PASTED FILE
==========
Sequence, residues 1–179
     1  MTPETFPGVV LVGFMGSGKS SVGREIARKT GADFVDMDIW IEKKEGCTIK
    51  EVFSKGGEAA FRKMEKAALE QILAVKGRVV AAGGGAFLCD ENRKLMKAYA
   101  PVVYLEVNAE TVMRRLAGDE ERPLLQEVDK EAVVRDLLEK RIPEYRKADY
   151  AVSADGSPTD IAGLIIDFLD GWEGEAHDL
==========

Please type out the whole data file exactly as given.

Sequence, residues 1–179
     1  MTPETFPGVV LVGFMGSGKS SVGREIARKT GADFVDMDIW IEKKEGCTIK
    51  EVFSKGGEAA FRKMEKAALE QILAVKGRVV AAGGGAFLCD ENRKLMKAYA
   101  PVVYLEVNAE TVMRRLAGDE ERPLLQEVDK EAVVRDLLEK RIPEYRKADY
   151  AVSADGSPTD IAGLIIDFLD GWEGEAHDL